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39 Cards in this Set

  • Front
  • Back
What is Psychology?
The scientific study of the causes of behaviour; also, the application of the findings of psychological research to the solution of problems
Causal event
an event that causes another event to occur
Physiological psychology
- the branch of psychology that studies the physiological basis of behavior ( they study most behavior phenomena that can be observed in non-human subjects)
Comparative psychology
the branch of psychology that studies the behaviors of a variety of organisms in an attempt to understand the adaptive and functional significance of the behaviors and their relation to evolution
Behavior analysis
the branch of psychology that studies the effect of the environment on behavior—primarily, the effects of the consequences of behavior on the behaviors themselves (eg. Learning and motivation)
Behavior genetics
the branch of psychology that studies the role of genetics on behavior
Cognitive psychology
the branch of the psychology that studies complex behaviors and mental processes such as perception, attention, learning and memory, verbal behavior, concept formation, and problem solving
Cognitive neuroscience
the branch of psychology that attempts to understand cognitive psychological functions by studying the brain mechanisms that are responsible for them.
Developmental psychology
the branch of psychology that studies the changes in behavioral, perceptual, and cognitive capacities of organisms as a function of age and experience
Social psychology
the branch of psychology devoted to the study of the effects people have on each other’s behaviour
Personality psychology
the branch of psychology that attempts to categorize and understand the causes of individual differences in patterns of behavior
Evolutionary psychology
the branch of psychology that explains behavior in terms of adaptive advantages those specific behaviors provided during the evolution of a species. Evolutionary psychologies use natural selection as a guiding principle
Cross-cultural psychology
the branch of psychology that studies the effects of culture on behavior
Clinical psychology
the branch of psychology devoted to the investigation and treatment of abnormal behavior and mental disorders
Clinical neuropsychologist
a psychologist who specializes in identification and treatment of the behavioral consequence of nervous system disorders and injuries
Health psychologist
a psychologist who works to promote behaviors and lifestyles that improve and maintain health and prevent illness
School psychologist
a psychologist who deals with behavioral problems of students at school
Consumer psychologist
a psychologist who helps organizations that manufacture products or that buy products or services
Community psychologist
a psychologist who works for the welfare of individuals in the social system, attempting to improve the system rather than treating people as problems
Organizational psychologist
a psychologist who works to increase efficiency and effectiveness of organizations
Engineering psychologist
a psychologist who studies the ways that people and machines work together and helps design machines that are safer and easier to operate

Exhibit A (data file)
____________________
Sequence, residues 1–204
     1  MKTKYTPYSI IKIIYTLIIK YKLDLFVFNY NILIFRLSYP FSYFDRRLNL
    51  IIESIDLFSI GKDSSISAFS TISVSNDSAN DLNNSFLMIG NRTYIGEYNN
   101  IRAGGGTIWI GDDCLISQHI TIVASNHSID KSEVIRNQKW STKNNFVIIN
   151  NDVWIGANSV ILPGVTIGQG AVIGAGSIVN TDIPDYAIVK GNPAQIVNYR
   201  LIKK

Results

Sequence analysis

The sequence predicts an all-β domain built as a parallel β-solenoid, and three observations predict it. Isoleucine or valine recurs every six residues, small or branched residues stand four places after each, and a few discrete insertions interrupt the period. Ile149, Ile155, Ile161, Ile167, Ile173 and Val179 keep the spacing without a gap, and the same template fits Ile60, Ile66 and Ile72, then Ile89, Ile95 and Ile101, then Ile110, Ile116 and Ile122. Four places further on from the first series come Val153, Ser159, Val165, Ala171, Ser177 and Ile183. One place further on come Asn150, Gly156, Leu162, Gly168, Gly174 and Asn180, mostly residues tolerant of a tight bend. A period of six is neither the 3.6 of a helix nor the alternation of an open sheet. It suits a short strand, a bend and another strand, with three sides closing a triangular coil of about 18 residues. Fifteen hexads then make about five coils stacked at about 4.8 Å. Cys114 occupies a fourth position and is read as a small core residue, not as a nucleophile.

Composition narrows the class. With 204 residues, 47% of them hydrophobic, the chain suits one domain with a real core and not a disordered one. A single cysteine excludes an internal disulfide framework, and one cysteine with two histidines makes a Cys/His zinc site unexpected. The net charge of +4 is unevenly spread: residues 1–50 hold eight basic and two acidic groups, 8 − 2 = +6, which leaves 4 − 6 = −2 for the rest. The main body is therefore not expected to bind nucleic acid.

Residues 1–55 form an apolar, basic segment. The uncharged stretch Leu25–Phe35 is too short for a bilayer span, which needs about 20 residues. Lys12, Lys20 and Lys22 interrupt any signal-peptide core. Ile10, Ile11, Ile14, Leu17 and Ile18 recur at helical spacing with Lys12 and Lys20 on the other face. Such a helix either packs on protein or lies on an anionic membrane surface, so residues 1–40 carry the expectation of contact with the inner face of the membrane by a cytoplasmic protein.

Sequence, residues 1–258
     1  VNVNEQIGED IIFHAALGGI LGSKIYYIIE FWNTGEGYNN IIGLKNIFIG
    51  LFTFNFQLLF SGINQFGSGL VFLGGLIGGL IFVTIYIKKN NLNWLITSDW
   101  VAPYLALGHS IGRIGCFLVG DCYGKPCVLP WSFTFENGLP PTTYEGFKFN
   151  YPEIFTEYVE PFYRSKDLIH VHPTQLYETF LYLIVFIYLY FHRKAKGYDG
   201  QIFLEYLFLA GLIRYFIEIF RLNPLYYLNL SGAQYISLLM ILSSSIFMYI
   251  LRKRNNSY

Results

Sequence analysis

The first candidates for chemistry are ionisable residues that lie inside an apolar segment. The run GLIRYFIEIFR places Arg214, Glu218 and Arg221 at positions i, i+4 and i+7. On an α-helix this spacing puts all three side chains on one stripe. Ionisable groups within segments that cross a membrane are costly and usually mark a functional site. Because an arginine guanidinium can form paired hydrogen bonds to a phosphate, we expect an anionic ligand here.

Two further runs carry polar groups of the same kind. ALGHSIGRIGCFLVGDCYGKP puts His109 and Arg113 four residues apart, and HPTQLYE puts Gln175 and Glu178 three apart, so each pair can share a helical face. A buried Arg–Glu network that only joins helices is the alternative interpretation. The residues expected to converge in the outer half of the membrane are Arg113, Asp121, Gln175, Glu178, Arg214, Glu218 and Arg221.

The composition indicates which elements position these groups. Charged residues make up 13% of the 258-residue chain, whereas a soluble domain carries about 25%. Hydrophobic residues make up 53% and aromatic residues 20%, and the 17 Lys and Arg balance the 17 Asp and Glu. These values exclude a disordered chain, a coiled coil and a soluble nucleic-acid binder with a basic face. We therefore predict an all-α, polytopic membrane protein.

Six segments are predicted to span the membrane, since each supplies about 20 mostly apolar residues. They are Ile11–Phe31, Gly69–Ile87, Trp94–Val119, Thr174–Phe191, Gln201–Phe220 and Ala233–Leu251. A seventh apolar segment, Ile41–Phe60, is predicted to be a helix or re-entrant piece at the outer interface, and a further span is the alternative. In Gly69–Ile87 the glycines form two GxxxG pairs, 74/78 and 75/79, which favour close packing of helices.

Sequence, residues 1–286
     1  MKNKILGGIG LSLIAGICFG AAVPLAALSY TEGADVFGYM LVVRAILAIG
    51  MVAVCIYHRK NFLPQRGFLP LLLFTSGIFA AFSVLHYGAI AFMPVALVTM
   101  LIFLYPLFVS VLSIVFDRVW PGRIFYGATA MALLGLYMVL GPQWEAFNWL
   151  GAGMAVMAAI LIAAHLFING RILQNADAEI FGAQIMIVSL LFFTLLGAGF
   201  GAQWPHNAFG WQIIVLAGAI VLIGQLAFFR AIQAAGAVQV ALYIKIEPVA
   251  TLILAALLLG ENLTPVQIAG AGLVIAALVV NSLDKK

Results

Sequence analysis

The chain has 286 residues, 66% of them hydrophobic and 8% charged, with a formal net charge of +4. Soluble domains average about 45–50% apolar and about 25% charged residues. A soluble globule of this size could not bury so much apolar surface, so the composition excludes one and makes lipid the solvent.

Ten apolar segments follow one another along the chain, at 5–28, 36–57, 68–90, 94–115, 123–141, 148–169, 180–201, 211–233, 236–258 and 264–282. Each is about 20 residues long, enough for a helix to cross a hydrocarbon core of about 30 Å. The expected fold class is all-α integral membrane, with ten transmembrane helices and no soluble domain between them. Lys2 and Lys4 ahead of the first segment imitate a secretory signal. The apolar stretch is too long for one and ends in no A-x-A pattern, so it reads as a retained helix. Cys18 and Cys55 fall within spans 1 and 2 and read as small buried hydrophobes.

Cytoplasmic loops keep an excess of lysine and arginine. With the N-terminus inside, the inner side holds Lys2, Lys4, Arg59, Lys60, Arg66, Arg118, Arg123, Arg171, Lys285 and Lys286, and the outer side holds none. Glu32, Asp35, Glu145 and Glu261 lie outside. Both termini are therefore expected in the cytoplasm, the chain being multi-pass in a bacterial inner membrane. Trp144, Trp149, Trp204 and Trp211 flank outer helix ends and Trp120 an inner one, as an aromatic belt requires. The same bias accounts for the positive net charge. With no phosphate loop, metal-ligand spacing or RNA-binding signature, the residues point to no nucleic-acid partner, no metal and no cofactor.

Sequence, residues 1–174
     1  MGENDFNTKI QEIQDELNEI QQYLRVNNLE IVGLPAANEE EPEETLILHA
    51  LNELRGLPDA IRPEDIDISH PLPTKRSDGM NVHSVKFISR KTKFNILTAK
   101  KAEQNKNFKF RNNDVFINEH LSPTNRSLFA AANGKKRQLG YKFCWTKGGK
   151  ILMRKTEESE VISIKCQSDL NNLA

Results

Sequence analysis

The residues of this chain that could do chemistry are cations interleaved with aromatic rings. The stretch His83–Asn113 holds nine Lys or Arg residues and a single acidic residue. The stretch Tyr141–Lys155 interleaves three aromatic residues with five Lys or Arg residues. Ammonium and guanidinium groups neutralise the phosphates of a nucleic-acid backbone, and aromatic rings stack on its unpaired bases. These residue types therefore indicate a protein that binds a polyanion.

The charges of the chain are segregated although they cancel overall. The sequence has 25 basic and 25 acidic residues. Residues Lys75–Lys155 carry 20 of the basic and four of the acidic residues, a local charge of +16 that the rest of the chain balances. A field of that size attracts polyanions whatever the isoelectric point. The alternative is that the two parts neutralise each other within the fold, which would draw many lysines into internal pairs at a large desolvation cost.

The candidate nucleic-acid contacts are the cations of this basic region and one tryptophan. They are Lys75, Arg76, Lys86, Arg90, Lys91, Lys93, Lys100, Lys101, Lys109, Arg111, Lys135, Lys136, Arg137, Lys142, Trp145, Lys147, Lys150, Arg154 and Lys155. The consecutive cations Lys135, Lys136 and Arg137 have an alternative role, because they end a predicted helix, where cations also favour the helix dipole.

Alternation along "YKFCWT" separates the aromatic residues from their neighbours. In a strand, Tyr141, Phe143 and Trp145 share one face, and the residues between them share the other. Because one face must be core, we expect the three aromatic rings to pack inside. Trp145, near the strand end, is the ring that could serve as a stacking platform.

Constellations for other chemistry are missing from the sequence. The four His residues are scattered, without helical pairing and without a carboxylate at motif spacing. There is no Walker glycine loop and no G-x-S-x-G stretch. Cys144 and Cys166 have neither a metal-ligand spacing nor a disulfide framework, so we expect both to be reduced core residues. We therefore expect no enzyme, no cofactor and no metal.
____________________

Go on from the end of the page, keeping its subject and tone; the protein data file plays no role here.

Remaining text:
Forensic psychologist
a psychologist who studies human behavior as it may relate to the legal system and to matters involving criminal justice
the belief that all animals and all moving objects possess spirits providing their motive force
an automatic response to a stimulus, such as the blink reflex to the sudden unexpected approach of an object toward the eyes
the philosophical belief that reality consists of mind and matter
a relatively simple system that works on known principles and is able to do at least some of the things that a more complex system can do
the philosophical view that all knowledge is obtained through the senses
a philosophical believe that reality can be known only through an understanding of the physical world, of which the mind is a part
Doctrine of specific nerve energies
Johannes Muller’s observation that different nerve fibres convey specific information from one part of the body to the brain or from the brain to one part of the body
Experimental ablation
the removal or destruction of a portion of the brain of an experimental animal for the purpose of studying the functions of that region
the branch of psychology that measures the quantitative relation between physical stimuli and perceptual experience
the system of experimental psychology that began with Wundt; it emphasized introspective analysis of sensation and perception
literally, “looking within,” in an attempt to describe one’s own memories, perceptions cognitive processes, or motivations
- the strategy of understanding a species’ structural or behavioural features by attempting to establish their usefulness with respect to survival and reproductive success
a movement in psychology that asserts that the only proper subject matter for scientific study in psychology is observable behavior
Law of effect
Thorndike’s observation that stimuli that occur as a consequence of a response can increase or decrease the likelihood of making that response again
Humanistic psychology
an approach to the study of human behavior that emphasizes human experience, choice and creativity, self-realization, and positive growth
Gestalt psychology
a movement in psychology that emphasized that cognitive processes could be understood by studying their organization, no their elements
Information processing
an approach used by cognitive psychologists to explain the workings of the brain; information received through the senses is processed by systems of neurons in the brain